sailcloth


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sailcloth

1. any of various fabrics from which sails are made
2. a lighter cloth used for clothing, etc.

Sailcloth

 

a heavy, closely woven linen or partly linen fabric, plainwoven from thick yarn. It was originally used for sails; hence the name. Sailcloth is used in unprocessed form or treated for commercial applications such as use in sails, tarpaulins, and the uppers of footwear. It is also used for work clothes and special-purpose clothes.

sailcloth

[′sāl‚klȯth]
(textiles)
A generic term for heavy, durable fabrics with a strong canvas weave made of cotton, linen, jute, polyester, or nylon; used for sails as well as for other applications.
References in periodicals archive ?
Most recently, carbon fibre has emerged as the latest fibre for sailcloth, just as it has also emerged as the base for composite structural parts for yachts.
Key words: laminates, sailcloth, strength, stretch resistance
It is estimated a new set of polyester sails cart be good for up to ten years of typical social sailing a couple of weekends a month, depending on the wind strength they are typically sailed in and factors such as UV exposure, which can drastically reduce the integrity of sailcloth.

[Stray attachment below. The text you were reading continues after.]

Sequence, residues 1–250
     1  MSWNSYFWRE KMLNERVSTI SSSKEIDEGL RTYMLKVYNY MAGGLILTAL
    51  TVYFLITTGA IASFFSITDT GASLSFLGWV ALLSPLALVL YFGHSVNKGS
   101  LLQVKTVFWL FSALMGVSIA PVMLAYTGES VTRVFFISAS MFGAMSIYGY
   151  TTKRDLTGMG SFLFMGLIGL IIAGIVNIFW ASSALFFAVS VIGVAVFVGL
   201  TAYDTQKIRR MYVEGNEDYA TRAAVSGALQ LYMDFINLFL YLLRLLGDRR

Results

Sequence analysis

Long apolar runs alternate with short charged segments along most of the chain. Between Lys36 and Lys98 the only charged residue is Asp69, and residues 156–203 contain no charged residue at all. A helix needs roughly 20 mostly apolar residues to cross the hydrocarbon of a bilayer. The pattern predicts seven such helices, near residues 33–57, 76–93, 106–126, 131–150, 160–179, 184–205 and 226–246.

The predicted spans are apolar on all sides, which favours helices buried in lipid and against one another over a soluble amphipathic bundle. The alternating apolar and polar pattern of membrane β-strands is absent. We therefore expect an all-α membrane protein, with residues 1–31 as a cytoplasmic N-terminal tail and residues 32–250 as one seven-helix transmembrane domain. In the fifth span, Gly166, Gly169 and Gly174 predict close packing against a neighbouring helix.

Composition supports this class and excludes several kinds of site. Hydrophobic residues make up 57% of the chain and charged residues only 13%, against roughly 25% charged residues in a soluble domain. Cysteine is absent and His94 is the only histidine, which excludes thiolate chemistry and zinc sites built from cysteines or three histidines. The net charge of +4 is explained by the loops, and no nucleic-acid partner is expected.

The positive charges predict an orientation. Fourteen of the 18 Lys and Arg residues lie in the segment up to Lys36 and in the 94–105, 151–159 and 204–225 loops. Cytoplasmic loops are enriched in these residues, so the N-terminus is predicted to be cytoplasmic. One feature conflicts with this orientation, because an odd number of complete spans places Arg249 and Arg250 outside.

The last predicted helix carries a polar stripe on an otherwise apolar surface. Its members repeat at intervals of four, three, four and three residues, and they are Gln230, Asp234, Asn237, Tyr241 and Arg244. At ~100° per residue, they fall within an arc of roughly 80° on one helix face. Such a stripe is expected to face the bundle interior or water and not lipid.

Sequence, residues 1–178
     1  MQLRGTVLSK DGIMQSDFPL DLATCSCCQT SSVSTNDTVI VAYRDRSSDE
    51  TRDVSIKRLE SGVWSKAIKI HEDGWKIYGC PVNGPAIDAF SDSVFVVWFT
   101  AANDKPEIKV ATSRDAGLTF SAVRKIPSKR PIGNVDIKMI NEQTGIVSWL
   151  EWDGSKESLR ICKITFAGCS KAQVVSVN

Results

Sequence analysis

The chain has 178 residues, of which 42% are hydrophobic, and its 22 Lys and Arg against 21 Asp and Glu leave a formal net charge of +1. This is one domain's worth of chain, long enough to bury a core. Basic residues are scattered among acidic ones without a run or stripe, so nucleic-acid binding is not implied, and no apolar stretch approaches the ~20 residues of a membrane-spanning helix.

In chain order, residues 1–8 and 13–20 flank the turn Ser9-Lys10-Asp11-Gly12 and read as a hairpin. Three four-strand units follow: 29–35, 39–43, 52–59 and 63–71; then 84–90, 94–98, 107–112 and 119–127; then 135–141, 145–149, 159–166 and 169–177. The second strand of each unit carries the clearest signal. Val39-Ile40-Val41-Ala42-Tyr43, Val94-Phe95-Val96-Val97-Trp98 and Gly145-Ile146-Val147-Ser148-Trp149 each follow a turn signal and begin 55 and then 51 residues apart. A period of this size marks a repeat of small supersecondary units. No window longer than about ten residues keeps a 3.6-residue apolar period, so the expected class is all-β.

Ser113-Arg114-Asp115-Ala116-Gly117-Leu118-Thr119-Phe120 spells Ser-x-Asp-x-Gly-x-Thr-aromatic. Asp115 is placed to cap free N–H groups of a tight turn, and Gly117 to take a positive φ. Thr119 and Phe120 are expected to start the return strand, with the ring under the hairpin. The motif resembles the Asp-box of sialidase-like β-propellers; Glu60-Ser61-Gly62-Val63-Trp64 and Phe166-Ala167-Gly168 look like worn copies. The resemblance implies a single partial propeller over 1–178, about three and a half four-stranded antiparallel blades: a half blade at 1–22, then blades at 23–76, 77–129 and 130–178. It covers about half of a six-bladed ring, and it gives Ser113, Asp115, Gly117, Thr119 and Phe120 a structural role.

Stratis is Doyle's own fibre-aligned laminate sailcloth technology, designed in-house by the Doyle team for shape retention and durability.
He also specified Hood Sails, featuring the latest high-tech Dimension Polyant D4 composite laminate sailcloth.
But despite the downturn, the top sailcloth brands haven't been standing still during the recession and have rolled out plenty of new products to make upgrading worthwhile.
Black taffetas, or outer skins were then laid onto either side of the membrane to form the sailcloth.
Like her predecessors, Alfa Romeo 3 in every respect is at the cutting edge of yacht design, engineering and construction, and in rig and sail design and in sailcloth.
A subsequent outcome was a successful move by Weatherly's disgruntled skipper 'Bus' Mosbacher through the New York Yacht Club that forced future challengers to use only sails made from sailcloth manufactured in their own country.
Fraser and Stephens knew that the components (films, adhesive and yarns) had to be held in close contact for best lamination and that pressures approaching those used in conventional sailcloth lamination could not be applied over a flexible mould.
The link provided Doyle with access to the D4 laminated sailcloth technology.